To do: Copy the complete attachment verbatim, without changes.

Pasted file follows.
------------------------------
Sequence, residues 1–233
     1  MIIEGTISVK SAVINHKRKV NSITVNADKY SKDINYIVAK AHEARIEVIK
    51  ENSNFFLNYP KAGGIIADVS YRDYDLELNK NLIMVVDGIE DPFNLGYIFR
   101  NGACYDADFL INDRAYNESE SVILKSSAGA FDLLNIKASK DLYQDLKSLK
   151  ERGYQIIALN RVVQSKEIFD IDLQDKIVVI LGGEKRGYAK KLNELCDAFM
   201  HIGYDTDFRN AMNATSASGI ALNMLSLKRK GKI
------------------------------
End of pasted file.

Sequence, residues 1–233
     1  MIIEGTISVK SAVINHKRKV NSITVNADKY SKDINYIVAK AHEARIEVIK
    51  ENSNFFLNYP KAGGIIADVS YRDYDLELNK NLIMVVDGIE DPFNLGYIFR
   101  NGACYDADFL INDRAYNESE SVILKSSAGA FDLLNIKASK DLYQDLKSLK
   151  ERGYQIIALN RVVQSKEIFD IDLQDKIVVI LGGEKRGYAK KLNELCDAFM
   201  HIGYDTDFRN AMNATSASGI ALNMLSLKRK GKI